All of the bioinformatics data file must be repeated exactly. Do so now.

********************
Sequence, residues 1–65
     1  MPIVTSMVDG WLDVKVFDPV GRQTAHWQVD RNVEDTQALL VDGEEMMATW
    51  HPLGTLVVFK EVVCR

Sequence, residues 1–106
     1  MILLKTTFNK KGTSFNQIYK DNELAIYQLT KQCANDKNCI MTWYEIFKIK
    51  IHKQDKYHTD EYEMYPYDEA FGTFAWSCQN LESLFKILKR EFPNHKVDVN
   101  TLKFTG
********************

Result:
Sequence, residues 1–65
     1  MPIVTSMVDG WLDVKVFDPV GRQTAHWQVD RNVEDTQALL VDGEEMMATW
    51  HPLGTLVVFK EVVCR

Sequence, residues 1–106
     1  MILLKTTFNK KGTSFNQIYK DNELAIYQLT KQCANDKNCI MTWYEIFKIK
    51  IHKQDKYHTD EYEMYPYDEA FGTFAWSCQN LESLFKILKR EFPNHKVDVN
   101  TLKFTG